The Importance of Treatment-Free Survival in Cancer Care Planning
In cancer clinical trials, the goal, or primary endpoint, is often focused on overall survival. However, one expert from the Dana Farber Cancer Institute thinks treatment-free survival should also be documented to provide patients with the data they need to make informed treatment choices.
BY Jessica Skarzynski
PUBLISHED December 04, 2019
In cancer clinical trials, the goal, or primary endpoint, is often focused on overall survival. However, in the case of some cancers, such as advanced kidney cancer and melanoma, one expert from the Dana Farber Cancer Institute thinks the time a patient spends after completing first-line therapy and before starting second-line treatment – or treatment-free survival (TFS) – should also be documented to provide patients with the data they need to make informed treatment choices.
CURE®’s sister publication, OncLive®, sat down with Dr. Meredith Regan at the 18th International Kidney Cancer Symposium to discuss what putting the focus on TFS means for patients, and where her team’s research is headed in the future.
CURE®: In what way does TFS provide a more complete picture of the patient experience, and how do you think this information can be leveraged to improve clinical trials?
Regan: As we thought about how to define TFS, it’s the period from when first-line therapy is discontinued until second-line therapy is started. But what happens is that often just the patients who discontinue therapy get summarized. If the clinician and patient are sitting together at the beginning of therapy and thinking about the path that they want to go on, you want to know about the entire population who started down this pathway — for example, if you’re being treated with nivolumab (Opdivo) plus ipilimumab (Yervoy) — because if a patient is staying on a therapy with continued disease control, that is also a good thing. But in a lot of the analyses, that (information) is not there.
So, we wanted to take a more integrated approach to treatment-free survival and characterizing it, that included all of the aspects. That treatment-free survival is one aspect of patients now living longer with advanced kidney cancer, which is great.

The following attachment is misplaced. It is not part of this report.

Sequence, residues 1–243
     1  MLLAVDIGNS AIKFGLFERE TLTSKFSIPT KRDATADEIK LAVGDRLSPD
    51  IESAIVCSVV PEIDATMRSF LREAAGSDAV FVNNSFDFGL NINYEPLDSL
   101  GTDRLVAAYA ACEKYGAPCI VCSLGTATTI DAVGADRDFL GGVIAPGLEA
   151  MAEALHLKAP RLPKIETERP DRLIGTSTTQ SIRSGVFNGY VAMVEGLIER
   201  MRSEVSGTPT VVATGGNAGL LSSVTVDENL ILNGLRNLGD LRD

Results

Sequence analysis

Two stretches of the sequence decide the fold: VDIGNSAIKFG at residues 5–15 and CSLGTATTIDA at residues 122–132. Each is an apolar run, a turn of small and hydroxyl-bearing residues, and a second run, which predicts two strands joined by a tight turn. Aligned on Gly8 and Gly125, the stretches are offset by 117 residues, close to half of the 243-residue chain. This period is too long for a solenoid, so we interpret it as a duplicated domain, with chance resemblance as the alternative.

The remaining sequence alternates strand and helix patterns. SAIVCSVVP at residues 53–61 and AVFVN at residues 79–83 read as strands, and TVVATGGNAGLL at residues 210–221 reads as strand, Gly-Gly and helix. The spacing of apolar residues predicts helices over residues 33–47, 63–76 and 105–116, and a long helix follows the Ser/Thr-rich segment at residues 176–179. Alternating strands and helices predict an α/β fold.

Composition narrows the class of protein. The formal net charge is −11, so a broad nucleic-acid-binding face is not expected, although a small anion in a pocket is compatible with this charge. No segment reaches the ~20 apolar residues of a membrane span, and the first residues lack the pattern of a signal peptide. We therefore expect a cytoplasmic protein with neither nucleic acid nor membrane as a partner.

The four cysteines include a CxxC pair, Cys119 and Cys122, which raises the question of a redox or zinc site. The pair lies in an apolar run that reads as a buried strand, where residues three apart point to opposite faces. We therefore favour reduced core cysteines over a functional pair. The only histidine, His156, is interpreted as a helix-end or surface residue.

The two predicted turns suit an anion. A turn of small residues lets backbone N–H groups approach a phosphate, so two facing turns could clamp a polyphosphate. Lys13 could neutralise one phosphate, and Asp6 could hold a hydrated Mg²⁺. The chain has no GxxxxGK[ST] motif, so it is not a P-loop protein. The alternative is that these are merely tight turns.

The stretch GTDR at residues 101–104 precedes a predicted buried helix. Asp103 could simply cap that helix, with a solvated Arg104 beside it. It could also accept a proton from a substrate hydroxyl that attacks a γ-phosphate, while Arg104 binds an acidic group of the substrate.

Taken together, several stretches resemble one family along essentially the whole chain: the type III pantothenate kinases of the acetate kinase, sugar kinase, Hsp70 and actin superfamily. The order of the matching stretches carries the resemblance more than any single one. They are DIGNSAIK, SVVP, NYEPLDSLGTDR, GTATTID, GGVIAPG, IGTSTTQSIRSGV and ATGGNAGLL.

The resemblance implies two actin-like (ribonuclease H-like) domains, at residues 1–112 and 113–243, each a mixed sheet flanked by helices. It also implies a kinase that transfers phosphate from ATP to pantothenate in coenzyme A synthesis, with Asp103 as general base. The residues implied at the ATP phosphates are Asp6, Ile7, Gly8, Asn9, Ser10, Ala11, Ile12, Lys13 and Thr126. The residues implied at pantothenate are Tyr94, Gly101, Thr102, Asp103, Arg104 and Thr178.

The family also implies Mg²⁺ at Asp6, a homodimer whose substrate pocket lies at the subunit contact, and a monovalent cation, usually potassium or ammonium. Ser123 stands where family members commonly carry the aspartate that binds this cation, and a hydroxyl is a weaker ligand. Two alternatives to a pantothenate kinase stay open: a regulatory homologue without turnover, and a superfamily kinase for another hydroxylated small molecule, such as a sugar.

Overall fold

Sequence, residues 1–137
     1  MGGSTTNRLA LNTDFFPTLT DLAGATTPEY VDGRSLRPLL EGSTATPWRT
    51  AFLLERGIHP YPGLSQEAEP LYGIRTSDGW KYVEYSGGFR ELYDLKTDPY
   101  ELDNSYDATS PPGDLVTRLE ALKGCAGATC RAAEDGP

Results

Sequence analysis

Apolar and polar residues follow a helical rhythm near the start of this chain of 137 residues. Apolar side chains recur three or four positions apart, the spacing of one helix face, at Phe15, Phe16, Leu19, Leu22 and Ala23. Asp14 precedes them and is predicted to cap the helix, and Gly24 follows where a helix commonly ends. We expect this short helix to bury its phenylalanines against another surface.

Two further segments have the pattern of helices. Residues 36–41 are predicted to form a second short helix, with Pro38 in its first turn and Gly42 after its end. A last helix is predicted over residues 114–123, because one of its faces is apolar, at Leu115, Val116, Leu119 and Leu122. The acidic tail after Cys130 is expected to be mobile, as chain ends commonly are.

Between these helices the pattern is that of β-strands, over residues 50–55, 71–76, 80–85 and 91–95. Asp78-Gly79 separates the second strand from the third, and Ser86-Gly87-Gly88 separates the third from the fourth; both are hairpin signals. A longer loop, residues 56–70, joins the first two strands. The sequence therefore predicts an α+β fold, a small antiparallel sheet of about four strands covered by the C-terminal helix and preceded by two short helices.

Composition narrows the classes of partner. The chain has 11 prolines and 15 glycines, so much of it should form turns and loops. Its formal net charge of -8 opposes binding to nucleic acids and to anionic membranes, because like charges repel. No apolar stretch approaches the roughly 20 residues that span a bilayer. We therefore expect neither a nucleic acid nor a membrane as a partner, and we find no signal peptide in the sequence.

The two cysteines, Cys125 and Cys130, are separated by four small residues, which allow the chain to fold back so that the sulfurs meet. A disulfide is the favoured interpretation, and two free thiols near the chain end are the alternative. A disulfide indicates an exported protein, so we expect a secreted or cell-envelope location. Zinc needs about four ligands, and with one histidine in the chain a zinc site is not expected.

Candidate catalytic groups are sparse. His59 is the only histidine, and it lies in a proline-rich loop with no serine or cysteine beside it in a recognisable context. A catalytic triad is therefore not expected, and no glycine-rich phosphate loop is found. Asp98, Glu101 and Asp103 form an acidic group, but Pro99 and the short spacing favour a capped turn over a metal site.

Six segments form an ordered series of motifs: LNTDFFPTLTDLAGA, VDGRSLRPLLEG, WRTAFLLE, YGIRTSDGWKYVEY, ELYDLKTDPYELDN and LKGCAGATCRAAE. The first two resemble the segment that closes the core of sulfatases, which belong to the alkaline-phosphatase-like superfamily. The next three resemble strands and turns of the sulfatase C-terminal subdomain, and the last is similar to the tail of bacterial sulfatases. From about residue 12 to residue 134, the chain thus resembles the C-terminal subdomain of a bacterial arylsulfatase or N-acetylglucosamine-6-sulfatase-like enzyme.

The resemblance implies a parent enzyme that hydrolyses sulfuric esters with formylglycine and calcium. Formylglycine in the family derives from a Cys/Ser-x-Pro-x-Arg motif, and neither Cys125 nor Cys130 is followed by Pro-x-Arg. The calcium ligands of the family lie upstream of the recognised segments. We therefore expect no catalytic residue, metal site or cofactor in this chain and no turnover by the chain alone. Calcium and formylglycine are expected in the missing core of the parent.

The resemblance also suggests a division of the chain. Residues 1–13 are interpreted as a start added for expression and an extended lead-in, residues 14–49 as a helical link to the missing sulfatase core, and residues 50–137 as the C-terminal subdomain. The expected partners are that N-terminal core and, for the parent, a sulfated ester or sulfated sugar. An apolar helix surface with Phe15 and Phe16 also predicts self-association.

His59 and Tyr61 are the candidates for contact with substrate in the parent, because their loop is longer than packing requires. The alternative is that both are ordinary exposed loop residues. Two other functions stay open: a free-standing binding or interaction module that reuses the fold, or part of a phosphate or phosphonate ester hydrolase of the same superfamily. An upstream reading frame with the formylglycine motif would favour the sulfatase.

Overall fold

It’s the principle that now that survival is longer, we can really focus on how that survival time is spent, and treatment-free is one time. So, we try to integrate it to think about the time on, which is a first-line therapy, or protocol therapy if it’s a clinical trial; the time they were able to be treatment free; and then the time on subsequent therapies.
But also, with the good that has come with immune checkpoint inhibitors, there's also some bad, and that's an important part for clinicians and patients to be thinking about. Which is, toxicities that happened during treatment, which happens with all systemic therapies, but also that some of those toxicities can persist even after treatment is discontinued.
We wanted to be able to bring that into the analysis as well, so you could understand treatment-free survival, how much of it was spent with ongoing side effects and adverse events that had started from therapy, and how much of it was without those events. So that's how we try to put the whole picture together, to be able to weigh the pros and cons of the different approaches.
What is the key takeaway of your presentation?
It’s the idea of the endpoint itself and the importance of it in this setting, where we’re seeing longer survival for these patients. Helping think about ways to summarize how they spend their survival time and being treatment-free is an incredibly important part of that. And we hope that clinicians and patients will take this information and sit together to make more thoughtful decisions on how to go forward down a treatment path.
It needs more work, too. We’re thinking more about quality of life, especially in future trials and as our colleagues continue to develop new therapy regimens. Think about it: (what) if we’re adding not just a doublet, but three therapies, which could bring more treatment time, more toxicity? Or if we’re thinking about approaches going the other direction: treat intensely to create complete response, or a very deep response, and be able to stop therapy.
As we think about different approaches to go forward, I think treatment-free survival and our analysis’ approach is a really great way to measure what this means for patients and what we’re able to achieve with these regimens.